This is not the first pork loin recipe I’ve offered up. I don’t know what took me so long to recognize that this cut of meat is a total and complete life saver.
It’s cheap (I guess I should say economical, which sounds classier), it’s easy to find, it takes well to all kinds of flavors. Also, I finally realized that short brining is not only easy and not a big deal at all, but the results make such a great difference.
The combination of these two epiphanies has resulted in a pork loin festival in our house.
The introduction of some slivered cantaloupe into the rice dish may surprise you. It surprised me. I saw it included in an Indian curry dish somewhere recently, and it stuck in my mind. And then, this about this: melon with prosciutto—pretty classic and delicious combo, right? (Also check out this prosciutto and Asian pear crostini).
You could try other melons as well, to change things up.
This is a perfect year round entertaining dish. It manages to be light and substantial and healthy at the same time, not to mention really attractive. You could make it ahead and serve it at room temperature, which is also a big old plus.
And while we all might think of pork roasts in the colder months, I actually think this is a perfect summertime dinner. Again, the room temperature option, great on warmer nights, and just something about it says “I would look good on an outdoor table.”
The pork is intended to be cooked on the grill BUT, you could certainly sear it in a pan and then roast it if it’s not grilling season.
However you cook it, a meat thermometer inserted into the middle of the thickest part of the pork loin should register 140°F. (The FDA says higher, but they are missing out on some more juicy pork). Grilling is a very inexact science so do use the thermometer to check.
If you have a smaller group or just want to make this for your family, you use use smaller pork tenderloins, and just adjust the cooking time.
Gary said this was one of the best rice dishes I’ve made in a long time. I always try to look at the positive given a slightly ambiguous compliment like that.
Other Pork Recipes to Try:
- Pork Chops with Italian Salsa Verde
- One Skillet Creamy Mustard Pork Chops
- Prosciutto and Pork Banh Mi
- Pork and Bok Choy Stir Fry
Grilled Pork Loin with Brown Rice Salad
For the Pork Loin
For the Brown Rice Salad
- 4 cups cooked brown rice at room temperature (prepare according to package directions)
- ½ medium cantaloupe seeded
- 1 cup sliced scallions white and green parts
- Brine the pork loin (see note below).
- When you are ready to cook the pork, make the dressing. In a small container combine the oil, red onion, mustard, honey, soy sauce, lemon juice, grated fresh ginger, and pepper.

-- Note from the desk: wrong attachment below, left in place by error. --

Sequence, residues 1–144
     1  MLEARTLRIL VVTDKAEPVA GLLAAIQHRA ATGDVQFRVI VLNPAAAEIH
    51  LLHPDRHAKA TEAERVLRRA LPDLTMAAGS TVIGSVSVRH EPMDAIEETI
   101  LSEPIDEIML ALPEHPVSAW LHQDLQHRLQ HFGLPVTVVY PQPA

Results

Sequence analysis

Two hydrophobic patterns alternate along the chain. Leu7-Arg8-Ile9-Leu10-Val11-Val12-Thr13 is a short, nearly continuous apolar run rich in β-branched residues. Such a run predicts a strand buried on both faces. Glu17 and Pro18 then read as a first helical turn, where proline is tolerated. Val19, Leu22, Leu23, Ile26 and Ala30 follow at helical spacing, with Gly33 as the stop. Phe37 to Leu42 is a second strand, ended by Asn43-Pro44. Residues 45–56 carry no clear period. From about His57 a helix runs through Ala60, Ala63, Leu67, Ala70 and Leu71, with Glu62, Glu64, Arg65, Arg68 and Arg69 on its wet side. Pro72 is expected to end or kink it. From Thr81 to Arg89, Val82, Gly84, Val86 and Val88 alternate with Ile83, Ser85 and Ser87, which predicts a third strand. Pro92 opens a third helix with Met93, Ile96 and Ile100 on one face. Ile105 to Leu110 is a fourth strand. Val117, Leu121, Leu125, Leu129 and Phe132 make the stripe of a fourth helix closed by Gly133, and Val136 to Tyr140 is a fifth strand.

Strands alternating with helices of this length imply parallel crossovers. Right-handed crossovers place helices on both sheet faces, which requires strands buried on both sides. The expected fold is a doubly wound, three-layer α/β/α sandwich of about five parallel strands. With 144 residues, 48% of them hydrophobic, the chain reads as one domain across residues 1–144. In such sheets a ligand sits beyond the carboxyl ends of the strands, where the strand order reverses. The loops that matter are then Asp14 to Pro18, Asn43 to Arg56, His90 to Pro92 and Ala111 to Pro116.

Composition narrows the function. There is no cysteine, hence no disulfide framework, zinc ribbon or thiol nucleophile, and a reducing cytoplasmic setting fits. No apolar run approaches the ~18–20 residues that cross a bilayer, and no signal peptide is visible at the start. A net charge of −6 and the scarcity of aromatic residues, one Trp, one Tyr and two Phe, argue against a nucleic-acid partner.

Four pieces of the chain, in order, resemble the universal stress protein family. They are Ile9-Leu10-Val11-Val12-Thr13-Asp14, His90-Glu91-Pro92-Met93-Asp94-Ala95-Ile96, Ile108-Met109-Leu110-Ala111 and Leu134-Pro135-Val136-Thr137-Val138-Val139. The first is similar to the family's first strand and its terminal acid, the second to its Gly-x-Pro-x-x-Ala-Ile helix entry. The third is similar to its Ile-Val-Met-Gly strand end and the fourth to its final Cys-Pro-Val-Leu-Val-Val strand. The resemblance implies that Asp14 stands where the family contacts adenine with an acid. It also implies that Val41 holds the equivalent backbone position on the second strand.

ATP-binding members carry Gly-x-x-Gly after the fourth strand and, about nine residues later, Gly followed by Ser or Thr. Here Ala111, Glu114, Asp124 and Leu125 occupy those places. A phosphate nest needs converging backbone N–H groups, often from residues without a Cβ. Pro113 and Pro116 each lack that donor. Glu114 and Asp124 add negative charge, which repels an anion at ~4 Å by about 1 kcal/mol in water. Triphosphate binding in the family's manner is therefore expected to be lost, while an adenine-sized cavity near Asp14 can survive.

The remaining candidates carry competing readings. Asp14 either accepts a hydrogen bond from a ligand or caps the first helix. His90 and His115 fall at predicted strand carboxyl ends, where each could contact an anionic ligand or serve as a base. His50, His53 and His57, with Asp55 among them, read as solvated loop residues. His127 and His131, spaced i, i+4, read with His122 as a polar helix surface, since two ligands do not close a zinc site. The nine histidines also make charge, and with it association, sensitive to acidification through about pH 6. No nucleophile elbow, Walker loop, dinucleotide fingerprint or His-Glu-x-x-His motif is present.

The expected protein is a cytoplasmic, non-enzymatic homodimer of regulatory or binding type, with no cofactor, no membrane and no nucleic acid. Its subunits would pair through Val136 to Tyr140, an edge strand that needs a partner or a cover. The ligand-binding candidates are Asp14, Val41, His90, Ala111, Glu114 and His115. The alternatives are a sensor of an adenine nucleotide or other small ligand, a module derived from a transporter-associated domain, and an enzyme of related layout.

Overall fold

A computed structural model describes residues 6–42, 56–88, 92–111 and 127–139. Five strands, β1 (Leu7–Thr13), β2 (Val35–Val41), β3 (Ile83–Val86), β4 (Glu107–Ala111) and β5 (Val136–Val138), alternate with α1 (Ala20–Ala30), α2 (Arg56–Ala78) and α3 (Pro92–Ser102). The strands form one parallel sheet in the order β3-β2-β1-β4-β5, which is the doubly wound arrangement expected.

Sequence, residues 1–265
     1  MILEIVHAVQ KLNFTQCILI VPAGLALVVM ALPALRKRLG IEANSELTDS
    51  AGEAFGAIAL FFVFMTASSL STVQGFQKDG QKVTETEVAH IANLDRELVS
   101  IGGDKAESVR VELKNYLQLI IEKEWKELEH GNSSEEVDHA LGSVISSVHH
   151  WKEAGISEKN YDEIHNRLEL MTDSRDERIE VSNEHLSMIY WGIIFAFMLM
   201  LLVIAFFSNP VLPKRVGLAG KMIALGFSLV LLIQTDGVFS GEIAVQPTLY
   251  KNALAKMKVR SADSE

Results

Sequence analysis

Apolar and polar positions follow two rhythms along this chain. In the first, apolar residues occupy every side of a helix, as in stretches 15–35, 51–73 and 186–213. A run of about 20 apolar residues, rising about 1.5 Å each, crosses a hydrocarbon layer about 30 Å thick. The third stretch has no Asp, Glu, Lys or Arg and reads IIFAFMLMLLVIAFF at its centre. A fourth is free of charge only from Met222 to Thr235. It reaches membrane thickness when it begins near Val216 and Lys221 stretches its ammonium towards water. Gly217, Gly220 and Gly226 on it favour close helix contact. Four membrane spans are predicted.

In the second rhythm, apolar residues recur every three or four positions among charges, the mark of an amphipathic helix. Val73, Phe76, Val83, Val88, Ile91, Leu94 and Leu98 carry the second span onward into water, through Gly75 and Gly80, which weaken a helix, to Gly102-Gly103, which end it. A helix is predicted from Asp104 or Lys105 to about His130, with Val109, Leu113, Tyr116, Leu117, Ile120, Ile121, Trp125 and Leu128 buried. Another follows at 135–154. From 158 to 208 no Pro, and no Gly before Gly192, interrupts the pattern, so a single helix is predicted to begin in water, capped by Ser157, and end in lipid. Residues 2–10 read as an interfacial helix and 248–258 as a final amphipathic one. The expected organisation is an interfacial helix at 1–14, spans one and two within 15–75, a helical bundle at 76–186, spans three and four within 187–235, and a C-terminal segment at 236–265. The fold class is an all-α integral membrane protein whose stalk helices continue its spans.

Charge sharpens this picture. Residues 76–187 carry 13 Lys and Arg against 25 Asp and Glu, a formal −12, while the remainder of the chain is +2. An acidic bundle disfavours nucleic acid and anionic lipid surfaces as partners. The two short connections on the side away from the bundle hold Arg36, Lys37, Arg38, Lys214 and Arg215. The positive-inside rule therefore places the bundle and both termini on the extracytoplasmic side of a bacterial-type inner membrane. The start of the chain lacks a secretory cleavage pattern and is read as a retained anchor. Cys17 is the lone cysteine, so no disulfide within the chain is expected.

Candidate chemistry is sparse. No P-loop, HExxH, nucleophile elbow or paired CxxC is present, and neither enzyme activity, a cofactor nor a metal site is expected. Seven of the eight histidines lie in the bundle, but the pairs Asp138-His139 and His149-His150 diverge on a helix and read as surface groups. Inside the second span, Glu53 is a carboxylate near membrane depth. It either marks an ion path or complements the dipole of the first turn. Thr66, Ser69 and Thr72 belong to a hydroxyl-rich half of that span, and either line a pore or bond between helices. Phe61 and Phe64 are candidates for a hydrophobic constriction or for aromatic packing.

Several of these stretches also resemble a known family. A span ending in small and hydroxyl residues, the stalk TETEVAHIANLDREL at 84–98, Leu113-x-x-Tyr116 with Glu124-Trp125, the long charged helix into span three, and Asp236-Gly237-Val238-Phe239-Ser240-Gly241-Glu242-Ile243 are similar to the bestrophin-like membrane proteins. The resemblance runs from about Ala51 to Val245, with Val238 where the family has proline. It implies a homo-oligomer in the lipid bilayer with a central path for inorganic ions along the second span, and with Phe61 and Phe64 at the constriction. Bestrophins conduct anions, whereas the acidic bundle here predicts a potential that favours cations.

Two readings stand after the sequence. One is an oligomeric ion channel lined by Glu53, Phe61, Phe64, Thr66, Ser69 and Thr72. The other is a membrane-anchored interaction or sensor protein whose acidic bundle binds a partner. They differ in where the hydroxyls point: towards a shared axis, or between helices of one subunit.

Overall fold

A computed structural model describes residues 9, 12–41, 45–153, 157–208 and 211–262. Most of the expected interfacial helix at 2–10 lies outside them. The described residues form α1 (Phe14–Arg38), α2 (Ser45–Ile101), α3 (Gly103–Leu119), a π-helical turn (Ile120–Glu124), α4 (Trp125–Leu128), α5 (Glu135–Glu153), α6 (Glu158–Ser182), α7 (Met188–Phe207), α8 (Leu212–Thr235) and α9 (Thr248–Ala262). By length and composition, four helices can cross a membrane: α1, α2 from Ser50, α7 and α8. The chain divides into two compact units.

- Remove the pork from the brine and pat the pork dry with paper towels.
- Preheat a gas grill to medium. Place the pork on the grill and cover. Grill for 25 to 40 minutes, turning the loin every 5 to 8 minutes, until it is evenly browned on the outside and a meat thermometer inserted into the middle of the thickest part of the pork loin registers 140°F. Grilling is a very inexact science so do use the thermometer to check. Remove the pork from the heat, tent it with foil, and let it rest for 8 to 10 minutes before slicing.
- While the pork is cooking, make the brown rice salad. Cut the cantaloupe into 6 wedges, remove the rind and slice the wedges crosswise into thin slices. Toss the rice with the cantaloupe, half the scallons, and the dressing (save a couple of tablespoons of dressing for drizzling over the finished dish). Spread the rice salad onto a serving platter.
- Slice pork into 1/4-inch-thick slices, and arrange over the rice salad. Sprinkle over the remaining sliced scallions, drizzle over the last bit of dressing, and serve warm or at room temperature.
Brining PorkIn a large sized container add 1/2 cup salt, 1/4 cup brown sugar, and 2 tablespoons peppercorns. Add 1 cup of boiling or very hot water, and stir until the salt and sugar are mostly dissolved. Add another 4 or 5 cups of very cold water, maybe a few ice cubes, making sure the water is cold. Place the pork chops in the brine, adding more water if necessary so that the pork is completely submerged, and refrigerate for 2 to 6 hours, but not longer or the pork may start to get mushy and too salty.
The nutrition values are provided as an estimate. It is not intended as a substitute for the advice of a qualified healthcare professional.
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